"Fair middle ground" - I've seen that at work with AA actually. GAs alerted potential seat neighbors about that they will be seated next to a service animal when they showed up at the gate and asked if they were OK with it or would they want to be reseated. Of course, with today's load factors often at 100% and ever more cramped seating configurations, that's not always possible and we end up with situations as described by the OP.
Personally, I'm all for making passengers with animals (as well as 'oversize' passengers) pay for a seat they plus the animal fit in without occupying their neighbor's space - be that two seats or a premium cabin seat.

Last edited by bhomburg; Sep 6, 14 at 9:10 am
bhomburg is offline  
Old Sep 6, 14, 8:58 am
  #24  
 
Join Date: Apr 2010
Posts: 958
Originally Posted by bdemaria View Post
its fixed
The typo, or the dog?
_kurt is offline  
Old Sep 6, 14, 9:11 am
  #25  
FlyerTalk Evangelist
 
Join Date: May 2001
Location: LAX; AA EXP, MM; HH Gold
Posts: 31,790
Originally Posted by BigBopper View Post
I don't argue that those that have legitimate needs deserve to have their trained service animals on the plane however I also have a right to safe travel. This means not being forced to sit next to animal that I'm allergic to. There has to be some fair middle ground. For example, why can't the airlines send an email to those in the neighboring rows to alert us 24 hours in advance? That way I can take medicine in advance, not be affected and not infringe on the other persons rights as well.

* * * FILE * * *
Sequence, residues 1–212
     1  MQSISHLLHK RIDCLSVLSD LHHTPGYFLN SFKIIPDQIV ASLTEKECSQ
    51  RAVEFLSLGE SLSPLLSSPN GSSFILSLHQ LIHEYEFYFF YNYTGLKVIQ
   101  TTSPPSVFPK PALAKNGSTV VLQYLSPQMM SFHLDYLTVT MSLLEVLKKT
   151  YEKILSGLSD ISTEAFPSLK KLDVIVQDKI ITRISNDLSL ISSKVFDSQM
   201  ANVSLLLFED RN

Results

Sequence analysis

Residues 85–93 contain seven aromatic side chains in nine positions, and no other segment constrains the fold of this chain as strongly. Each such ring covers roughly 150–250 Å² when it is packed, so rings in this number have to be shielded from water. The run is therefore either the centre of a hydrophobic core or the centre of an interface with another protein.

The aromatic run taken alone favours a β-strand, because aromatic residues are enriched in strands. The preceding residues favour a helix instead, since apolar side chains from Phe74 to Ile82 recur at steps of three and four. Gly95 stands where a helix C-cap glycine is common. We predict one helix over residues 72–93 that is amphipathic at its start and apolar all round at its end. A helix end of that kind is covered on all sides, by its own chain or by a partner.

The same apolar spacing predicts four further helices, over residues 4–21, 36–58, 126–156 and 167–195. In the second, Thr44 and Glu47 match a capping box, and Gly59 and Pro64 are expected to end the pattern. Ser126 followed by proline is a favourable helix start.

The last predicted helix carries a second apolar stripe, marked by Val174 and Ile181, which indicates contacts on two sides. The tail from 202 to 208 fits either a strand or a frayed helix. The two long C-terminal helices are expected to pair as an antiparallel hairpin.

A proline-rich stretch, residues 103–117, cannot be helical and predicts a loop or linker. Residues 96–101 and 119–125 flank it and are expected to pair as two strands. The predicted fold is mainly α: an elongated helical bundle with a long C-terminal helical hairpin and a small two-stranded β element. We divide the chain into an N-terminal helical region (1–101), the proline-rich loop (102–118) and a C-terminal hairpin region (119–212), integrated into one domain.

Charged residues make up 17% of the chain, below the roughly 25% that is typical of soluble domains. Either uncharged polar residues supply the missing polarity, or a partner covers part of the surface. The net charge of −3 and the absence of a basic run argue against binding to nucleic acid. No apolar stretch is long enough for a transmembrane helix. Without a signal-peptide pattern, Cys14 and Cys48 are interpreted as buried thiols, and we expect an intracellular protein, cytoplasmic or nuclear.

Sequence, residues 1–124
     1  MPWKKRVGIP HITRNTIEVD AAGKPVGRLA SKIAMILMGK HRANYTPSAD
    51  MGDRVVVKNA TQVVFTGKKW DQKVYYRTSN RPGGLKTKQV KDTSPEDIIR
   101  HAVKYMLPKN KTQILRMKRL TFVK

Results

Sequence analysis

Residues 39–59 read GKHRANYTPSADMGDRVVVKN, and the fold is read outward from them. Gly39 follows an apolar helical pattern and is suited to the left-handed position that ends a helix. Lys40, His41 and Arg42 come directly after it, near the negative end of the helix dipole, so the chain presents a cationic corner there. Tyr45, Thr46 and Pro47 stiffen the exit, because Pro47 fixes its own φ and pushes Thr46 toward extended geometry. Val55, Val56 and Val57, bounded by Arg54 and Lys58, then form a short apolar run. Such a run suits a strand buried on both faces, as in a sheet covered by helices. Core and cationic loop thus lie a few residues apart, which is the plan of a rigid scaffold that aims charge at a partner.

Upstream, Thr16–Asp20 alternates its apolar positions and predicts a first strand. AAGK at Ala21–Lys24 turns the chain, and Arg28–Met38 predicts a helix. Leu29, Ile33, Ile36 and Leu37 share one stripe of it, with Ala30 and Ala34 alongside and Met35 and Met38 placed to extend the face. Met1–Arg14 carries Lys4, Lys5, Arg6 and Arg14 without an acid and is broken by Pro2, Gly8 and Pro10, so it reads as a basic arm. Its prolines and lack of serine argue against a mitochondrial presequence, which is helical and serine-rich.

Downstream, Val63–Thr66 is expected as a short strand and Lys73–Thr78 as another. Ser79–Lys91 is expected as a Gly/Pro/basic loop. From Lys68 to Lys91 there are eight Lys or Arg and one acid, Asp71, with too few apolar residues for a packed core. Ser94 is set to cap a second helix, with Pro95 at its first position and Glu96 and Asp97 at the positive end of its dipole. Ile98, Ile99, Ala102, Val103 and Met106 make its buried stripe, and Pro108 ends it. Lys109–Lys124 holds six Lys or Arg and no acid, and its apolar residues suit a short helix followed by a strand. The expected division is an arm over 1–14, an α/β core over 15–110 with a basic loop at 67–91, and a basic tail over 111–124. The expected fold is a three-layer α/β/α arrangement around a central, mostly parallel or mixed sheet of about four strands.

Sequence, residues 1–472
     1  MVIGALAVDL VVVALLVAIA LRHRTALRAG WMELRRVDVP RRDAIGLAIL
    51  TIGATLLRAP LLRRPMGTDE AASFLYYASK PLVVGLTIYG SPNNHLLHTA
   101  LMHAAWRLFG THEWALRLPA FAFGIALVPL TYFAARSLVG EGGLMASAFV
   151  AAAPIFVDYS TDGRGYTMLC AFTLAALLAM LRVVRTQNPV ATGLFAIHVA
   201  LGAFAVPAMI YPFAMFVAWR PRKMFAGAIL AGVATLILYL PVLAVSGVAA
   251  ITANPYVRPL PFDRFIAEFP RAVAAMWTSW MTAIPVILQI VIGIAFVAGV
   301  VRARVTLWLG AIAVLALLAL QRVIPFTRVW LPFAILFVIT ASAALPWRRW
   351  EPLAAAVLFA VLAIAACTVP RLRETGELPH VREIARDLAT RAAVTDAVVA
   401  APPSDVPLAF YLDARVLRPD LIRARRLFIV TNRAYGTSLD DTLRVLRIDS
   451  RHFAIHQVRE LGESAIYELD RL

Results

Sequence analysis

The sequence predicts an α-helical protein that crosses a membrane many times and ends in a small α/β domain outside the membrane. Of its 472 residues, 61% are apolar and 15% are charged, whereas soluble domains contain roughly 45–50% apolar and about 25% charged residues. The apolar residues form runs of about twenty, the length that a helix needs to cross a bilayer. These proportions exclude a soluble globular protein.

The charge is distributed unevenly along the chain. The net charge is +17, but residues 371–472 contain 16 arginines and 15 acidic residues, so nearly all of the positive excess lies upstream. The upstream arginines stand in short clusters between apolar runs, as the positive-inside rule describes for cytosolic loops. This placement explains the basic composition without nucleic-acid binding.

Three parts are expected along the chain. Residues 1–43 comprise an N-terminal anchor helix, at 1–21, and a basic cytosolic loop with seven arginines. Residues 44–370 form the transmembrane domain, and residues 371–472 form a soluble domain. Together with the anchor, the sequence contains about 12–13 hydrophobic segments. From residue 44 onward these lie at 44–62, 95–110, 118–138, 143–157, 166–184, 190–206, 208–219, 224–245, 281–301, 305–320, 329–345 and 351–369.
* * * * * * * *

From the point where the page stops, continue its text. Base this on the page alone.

What would be the point?

Airlines are permitted to require 48 hours advance notice and documentation for emotional/psychiatric support animals, and theoretically, the airlines could send out emails.

What about the service dogs serving the blind and deaf and disabled? Those folks don't have to provide any advance notice to the airlines that they're bringing their dog, so there would be no way to provide advance notice to the allergic passengers. Would the allergic reactions be diminished because the dog was a traditional service dog serving a blind or deaf or physically disabled passenger? Do emotional support animals trigger more severe allergies?